Sixty-Three Passionless Years

Why do people get married? Usually because they’re in love, right? Even today, with high rates of divorce and cohabitation, men and women in love have some internal pull that draws them to the altar. In lovedness is an erotic passion that lovers seem to have very little control over, and its only outlet and fulfillment is apparently marriage.

And why do people get divorced? Often, because they’re no longer in love. Or maybe they are, just not with their spouse. It must be hard to stay married to someone with whom you are no longer in love. When the passion fades and all that is left are the annoyances and petty personality flaws plaguing every passing moment, the natural inclination is to turn and run.

My grandmother married my grandfather 65 years ago. After a year of marriage, she told him that she was not, and in fact never was, in love with him. Last year she died. That’s 63 passionless years of marriage.

That must have been difficult. I wonder who it was harder for—my grandmother, not being in love with her husband, or my grandfather, not having a wife who was in love with him.

So what do couples like that do? Today, most of them just get divorced, but not my grandparents. They had six kids. They did mission work in Mexico. They regularly prayed together and had Bible studies and prayer groups in their home. They did pro-life work together. They regularly opened their home to strangers in need of a place to lay their heads. And in their elder years they spent a lot of time reading together, as well as playing cards—their favorite activity and the one passed down to the grandkids.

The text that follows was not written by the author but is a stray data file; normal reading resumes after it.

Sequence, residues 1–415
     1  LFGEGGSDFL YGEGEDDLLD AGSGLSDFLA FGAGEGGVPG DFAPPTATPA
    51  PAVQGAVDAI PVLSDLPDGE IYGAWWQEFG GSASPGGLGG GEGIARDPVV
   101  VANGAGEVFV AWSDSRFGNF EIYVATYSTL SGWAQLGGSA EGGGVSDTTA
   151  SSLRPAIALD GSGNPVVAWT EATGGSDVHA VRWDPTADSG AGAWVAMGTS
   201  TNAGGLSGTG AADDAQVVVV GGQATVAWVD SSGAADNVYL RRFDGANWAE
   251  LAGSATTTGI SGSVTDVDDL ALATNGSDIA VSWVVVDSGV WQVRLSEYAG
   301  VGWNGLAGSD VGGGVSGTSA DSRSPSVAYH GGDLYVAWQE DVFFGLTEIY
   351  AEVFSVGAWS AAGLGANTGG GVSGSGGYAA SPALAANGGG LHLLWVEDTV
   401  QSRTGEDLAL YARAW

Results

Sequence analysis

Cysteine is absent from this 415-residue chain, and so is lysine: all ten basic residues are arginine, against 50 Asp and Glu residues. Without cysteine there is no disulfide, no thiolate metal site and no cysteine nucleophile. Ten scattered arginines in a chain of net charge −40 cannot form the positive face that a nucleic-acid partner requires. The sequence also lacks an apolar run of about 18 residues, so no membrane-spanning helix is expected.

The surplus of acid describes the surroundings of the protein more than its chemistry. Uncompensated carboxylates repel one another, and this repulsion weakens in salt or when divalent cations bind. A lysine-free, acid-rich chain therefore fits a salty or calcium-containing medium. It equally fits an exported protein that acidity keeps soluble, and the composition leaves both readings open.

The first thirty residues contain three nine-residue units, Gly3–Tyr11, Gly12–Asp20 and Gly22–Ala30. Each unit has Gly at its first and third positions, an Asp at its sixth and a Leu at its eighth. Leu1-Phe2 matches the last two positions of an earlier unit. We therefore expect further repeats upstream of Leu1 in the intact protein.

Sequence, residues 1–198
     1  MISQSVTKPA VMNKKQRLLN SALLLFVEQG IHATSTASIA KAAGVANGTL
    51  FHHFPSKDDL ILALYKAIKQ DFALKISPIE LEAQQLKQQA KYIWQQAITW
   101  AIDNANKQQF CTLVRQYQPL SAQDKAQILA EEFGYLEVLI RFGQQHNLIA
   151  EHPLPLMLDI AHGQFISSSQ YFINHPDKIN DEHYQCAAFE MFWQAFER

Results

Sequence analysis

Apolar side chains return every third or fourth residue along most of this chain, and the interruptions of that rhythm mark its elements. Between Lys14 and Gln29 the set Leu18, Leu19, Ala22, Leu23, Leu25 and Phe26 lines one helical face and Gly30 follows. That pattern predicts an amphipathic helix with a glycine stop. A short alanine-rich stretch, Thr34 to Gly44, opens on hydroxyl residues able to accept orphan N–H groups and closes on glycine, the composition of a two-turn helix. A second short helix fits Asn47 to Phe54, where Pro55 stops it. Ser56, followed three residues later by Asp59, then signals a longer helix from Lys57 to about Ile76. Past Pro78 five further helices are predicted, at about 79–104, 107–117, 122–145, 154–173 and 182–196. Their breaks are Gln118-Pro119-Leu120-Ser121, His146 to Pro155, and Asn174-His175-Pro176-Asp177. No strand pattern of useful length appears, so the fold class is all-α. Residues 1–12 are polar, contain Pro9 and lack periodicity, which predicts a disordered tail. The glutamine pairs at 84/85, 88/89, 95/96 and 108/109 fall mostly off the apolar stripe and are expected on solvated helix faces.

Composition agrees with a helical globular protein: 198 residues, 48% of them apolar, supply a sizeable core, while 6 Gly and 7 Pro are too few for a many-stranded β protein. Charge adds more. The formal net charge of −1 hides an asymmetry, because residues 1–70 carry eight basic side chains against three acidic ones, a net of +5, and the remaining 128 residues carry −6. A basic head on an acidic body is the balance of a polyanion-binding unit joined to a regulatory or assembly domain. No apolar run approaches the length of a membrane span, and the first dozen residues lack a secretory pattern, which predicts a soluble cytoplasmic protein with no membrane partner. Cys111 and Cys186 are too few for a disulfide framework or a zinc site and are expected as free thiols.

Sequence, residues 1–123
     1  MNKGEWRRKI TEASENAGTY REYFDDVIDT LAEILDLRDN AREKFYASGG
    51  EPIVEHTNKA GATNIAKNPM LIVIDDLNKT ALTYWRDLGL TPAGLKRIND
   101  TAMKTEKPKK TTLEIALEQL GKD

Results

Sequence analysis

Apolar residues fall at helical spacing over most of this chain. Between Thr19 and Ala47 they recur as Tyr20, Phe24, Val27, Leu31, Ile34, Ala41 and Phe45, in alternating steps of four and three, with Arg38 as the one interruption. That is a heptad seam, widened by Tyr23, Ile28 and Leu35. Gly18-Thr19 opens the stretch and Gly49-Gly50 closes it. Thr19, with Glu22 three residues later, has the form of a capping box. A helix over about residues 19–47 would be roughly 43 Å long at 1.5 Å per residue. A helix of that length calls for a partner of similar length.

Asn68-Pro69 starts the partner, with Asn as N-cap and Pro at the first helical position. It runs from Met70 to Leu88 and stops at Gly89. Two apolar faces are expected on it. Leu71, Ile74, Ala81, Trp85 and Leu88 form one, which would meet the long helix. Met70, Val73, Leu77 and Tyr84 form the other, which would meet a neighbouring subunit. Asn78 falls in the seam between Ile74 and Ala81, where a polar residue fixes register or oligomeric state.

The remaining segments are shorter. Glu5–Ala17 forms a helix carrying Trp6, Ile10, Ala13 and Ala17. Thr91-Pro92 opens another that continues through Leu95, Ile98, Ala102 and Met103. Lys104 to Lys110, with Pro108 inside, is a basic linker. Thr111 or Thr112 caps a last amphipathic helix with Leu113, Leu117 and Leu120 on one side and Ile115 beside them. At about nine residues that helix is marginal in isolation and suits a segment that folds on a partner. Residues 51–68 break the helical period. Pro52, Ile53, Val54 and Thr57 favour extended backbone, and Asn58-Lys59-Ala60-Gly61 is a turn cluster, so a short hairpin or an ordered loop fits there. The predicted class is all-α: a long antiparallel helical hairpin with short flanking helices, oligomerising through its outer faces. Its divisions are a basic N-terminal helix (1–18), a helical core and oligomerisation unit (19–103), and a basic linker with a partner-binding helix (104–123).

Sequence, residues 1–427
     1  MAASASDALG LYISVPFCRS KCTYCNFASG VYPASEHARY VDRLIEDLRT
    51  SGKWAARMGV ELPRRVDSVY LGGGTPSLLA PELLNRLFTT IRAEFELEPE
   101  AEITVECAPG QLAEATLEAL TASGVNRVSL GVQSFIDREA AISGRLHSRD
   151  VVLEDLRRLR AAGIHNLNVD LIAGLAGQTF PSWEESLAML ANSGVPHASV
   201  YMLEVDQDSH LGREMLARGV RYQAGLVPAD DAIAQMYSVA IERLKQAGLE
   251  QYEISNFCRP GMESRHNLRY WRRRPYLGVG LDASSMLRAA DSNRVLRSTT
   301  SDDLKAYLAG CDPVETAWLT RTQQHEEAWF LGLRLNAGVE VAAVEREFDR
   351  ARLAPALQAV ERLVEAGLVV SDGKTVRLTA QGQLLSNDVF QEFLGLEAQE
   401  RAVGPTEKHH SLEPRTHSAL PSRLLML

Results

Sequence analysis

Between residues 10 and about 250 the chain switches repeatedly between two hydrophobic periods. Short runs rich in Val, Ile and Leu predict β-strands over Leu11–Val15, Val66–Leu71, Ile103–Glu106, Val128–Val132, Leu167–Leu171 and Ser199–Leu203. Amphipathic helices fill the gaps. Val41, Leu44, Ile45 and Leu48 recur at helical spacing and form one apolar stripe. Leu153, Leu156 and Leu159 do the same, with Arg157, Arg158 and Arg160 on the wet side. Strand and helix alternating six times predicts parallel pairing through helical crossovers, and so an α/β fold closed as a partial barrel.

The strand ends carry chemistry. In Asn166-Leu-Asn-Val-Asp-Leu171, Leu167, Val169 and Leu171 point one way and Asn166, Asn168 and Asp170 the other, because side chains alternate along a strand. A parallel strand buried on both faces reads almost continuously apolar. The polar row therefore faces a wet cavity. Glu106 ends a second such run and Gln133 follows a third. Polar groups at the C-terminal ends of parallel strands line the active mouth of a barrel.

That list makes it sound like they had the perfect marriage, doesn’t it? Not quite. I left out the squabbling, disagreements, and petty arguments.

So how did they stay married all those years? Love. The true definition of love is willing the good of another person. My grandparents loved each other so much. I said that they weren’t mutually in love, but I never said they didn’t have love for one another.

The most beautiful example of this love I witnessed in the last couple weeks of my grandmother’s exile on this earth. Over Christmas I was staying at their home, and sleeping in the room next to Grandma. A little before five in the morning I heard her gasping for air and eventually calling out for help. I quickly got up and went to her side and asked if there was anything I could do for her. All she said was “Get your grandfather.” I went next door, shook my grandpa, and said, “Gramps, Grandma needs you.” Without a moment’s hesitation, he got up and went to his wife’s side. I went back to bed, but he stayed up making sure that the woman he had pledged his fidelity to “in sickness and in health” was comfortable, checking her oxygen machine was working correctly, and rubbing her feet with lotion.

Later that day grandma needed to go to the hospital, and after the ambulance zipped her away I saw my grandfather heading out the door and asked him where he was going. “To the hospital,” he said, the of course was implied, but I heard it. That’s where his wife was, so that’s where he was going to be. In fact, my 89-year-old grandfather slept in a chair (!) in her hospital room two nights in a row to be close to his wife; not because he was passionately and madly in love with her, but because he loved her, and that’s what love does; not because he couldn’t get enough of her, but because he pledged to love her the way Christ loved the Church and lay down his life for her.

I’m not holding up my grandparents’ marriage one for which we should all aim. But I am holding up their love for each other and their commitment to their marriage as ideals for which we should strive. Marriage isn’t about being in love; it’s about loving like Jesus did.

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